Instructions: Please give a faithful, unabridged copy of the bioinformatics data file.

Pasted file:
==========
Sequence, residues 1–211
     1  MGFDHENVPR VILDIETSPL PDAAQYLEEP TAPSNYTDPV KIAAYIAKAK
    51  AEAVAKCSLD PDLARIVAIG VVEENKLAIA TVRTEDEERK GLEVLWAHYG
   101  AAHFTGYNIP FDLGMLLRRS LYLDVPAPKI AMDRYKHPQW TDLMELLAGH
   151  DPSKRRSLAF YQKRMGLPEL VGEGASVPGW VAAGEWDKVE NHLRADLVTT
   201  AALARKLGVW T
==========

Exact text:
Sequence, residues 1–211
     1  MGFDHENVPR VILDIETSPL PDAAQYLEEP TAPSNYTDPV KIAAYIAKAK
    51  AEAVAKCSLD PDLARIVAIG VVEENKLAIA TVRTEDEERK GLEVLWAHYG
   101  AAHFTGYNIP FDLGMLLRRS LYLDVPAPKI AMDRYKHPQW TDLMELLAGH
   151  DPSKRRSLAF YQKRMGLPEL VGEGASVPGW VAAGEWDKVE NHLRADLVTT
   201  AALARKLGVW T